What’s on the minds of our young employees?
My name is Rafael Casquero Díaz. I am a 26-year- old Spanish chemical engineer from Madrid, and since June I have been doing a product management internship for sprayed concrete admixtures at Sika Services AG in Zurich.
I want to write about 3D printing processes, as from my point of view it is one of the most interesting topics I have covered during the internship. And what is more, it marks one of today’s most revolutionary construction concepts. Given Sika’s well-established position in the construction chemical products market, this modern construction technology is very interesting in terms of the potential business development.
3D printing for construction
At the end of the last decade in 2009, 3D printing took off as an exciting way to construct special architectural geometries or to produce efficient residential buildings. Since then, the US, the Netherlands and China have led research and development activities focused on this new technology. The increasing rate of growth of the global population and with it the need to build affordable housing faster and more sustainably gave rise to the idea of using a suitable and effective technology such as 3D printing to build houses.
Wireless-controlled robotic arm to shoot concrete
3D printing was already being used to create medium-sized sculptures of small everyday objects. The technology consists of a computer-automated creation process, in which the original shape and size are designed by a software program, and a printing device then generates the required object in 3D. A number of universities around the world are investigating industrial-scale procedures to create layers of extruded concrete using a large building machine in order to build houses.
The first troubleshooting tests
This year the architecture faculty of University Graz started a very interesting project focused on combining a wireless-controlled robotic arm with the low-output MiniShot concrete extrusion system invented by Sika. Originally, the MiniShot system was designed for testing admixtures for sprayed concrete using ultrasonic pulsating cells with the aim of saving time and reducing costs compared to high-scale testing procedures. However, TU Graz was interested in the MiniShot pumping system as a continuous extrusion building device without pulsation, avoiding the use of a compressed air unit.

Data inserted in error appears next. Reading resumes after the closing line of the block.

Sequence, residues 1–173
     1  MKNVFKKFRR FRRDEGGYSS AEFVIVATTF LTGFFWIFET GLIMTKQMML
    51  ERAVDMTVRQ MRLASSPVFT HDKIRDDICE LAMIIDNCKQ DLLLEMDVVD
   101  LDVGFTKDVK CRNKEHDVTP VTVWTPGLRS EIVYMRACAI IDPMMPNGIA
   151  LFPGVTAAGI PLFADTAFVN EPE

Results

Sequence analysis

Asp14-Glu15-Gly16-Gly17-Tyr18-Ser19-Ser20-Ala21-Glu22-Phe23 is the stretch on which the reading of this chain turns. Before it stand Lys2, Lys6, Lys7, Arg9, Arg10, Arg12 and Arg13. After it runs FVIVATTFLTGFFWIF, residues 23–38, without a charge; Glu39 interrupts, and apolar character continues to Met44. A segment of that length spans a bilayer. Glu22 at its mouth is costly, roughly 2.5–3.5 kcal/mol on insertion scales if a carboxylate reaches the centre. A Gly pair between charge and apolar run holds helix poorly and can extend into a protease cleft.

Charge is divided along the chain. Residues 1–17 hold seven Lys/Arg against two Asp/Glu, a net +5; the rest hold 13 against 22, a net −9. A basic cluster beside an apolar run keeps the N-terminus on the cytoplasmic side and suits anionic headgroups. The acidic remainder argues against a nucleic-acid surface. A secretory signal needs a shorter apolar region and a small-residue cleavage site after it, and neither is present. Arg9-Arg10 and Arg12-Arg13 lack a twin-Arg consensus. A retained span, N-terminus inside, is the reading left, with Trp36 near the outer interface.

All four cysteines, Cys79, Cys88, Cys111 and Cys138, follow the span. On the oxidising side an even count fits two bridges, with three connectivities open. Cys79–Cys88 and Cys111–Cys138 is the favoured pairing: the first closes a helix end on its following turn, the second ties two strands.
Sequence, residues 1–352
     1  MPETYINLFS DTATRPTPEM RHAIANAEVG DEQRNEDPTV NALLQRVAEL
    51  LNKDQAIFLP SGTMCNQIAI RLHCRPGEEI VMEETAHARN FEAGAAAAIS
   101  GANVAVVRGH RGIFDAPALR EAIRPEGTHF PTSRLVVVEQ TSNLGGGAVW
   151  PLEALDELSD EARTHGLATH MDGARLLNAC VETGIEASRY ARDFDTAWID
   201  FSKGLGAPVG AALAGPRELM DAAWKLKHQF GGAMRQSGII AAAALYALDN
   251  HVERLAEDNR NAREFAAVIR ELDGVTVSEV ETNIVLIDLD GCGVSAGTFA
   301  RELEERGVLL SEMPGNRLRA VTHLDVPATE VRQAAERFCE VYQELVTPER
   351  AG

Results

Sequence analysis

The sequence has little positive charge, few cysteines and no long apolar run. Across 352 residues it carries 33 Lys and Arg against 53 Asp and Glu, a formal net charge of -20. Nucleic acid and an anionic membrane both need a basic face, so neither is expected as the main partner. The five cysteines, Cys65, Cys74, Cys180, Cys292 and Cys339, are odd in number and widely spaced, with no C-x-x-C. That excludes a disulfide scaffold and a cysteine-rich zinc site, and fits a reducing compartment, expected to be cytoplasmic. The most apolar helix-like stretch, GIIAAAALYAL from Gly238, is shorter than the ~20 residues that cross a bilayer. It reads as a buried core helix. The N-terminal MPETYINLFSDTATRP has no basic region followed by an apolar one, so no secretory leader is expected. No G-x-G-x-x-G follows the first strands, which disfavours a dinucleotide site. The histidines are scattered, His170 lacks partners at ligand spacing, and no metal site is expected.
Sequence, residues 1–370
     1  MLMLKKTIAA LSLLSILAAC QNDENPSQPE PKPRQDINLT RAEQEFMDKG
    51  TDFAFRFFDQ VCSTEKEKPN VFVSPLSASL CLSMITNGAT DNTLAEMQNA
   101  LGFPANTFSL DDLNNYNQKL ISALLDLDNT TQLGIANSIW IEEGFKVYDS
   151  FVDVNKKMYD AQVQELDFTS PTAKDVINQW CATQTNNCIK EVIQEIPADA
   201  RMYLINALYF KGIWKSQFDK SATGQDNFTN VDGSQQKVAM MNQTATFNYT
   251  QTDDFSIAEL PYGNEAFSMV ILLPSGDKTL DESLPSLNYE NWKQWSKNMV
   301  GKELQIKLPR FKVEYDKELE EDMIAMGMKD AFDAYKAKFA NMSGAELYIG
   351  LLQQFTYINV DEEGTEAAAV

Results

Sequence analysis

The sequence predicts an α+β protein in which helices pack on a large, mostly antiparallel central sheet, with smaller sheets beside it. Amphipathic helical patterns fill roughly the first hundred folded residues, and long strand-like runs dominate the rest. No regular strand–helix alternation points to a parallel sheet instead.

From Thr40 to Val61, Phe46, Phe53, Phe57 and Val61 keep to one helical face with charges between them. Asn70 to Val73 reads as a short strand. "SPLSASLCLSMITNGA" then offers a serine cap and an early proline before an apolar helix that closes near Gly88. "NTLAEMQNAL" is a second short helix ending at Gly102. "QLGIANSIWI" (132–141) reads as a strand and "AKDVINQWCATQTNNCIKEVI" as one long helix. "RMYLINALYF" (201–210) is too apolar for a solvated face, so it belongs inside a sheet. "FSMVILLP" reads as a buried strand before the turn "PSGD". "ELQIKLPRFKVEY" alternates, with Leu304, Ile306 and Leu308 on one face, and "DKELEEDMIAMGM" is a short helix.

Like a mortar mix
Sika assisted University Graz with installing the MiniShot pumping system, performing the first laboratory trials, carrying out a troubleshooting test to detect the most common pumping-related issues, and adding a special nozzle for the Sigunit® accelerator (chemical product for decreasing the setting time of the mortar to develop higher early-compressive strength), (see figure 1).
The mix design was a critical part of the technical support, conforming the extruded material pumped through a small hose. The mix design consisted of cement, (Sika® ViscoCrete®) superplasticizer, thixotropic filler (SikaThixo-14) and 0-1 mm of sand and water. It could be described as a mortar mixture due to the small size of the aggregates.
First laboratory trials
An architecture student was given a project assignment to create highly precise 3D printing sculptures and geometric figures by applying extruded concrete in a laboratory. The first laboratory trials were affected by a control safety issue, which meant that Sika engineers had to work from 10 am to 10 pm to complete the technical support procedures.
Combination of robotic system, software program and MiniShot pumping system
In my opinion, the combination of robotic system, software program and MiniShot pumping system was a brilliant idea if we consider the highly precise work developed by the extrusion nozzle when creating the Sika logo shown in figure 2. The project met the requirements of 3D construction printing as the build-up of the figures was formed with several fast setting layers of cementitious material.
The partnership of trust between Sika and University TU Graz was based not only on developing business but also on enjoying several activities to mark the end of the architecture degree course. For instance, the architecture professors invited us to take part in a final presentation of one of the subjects in which different groups of students provided specific insight into the same project.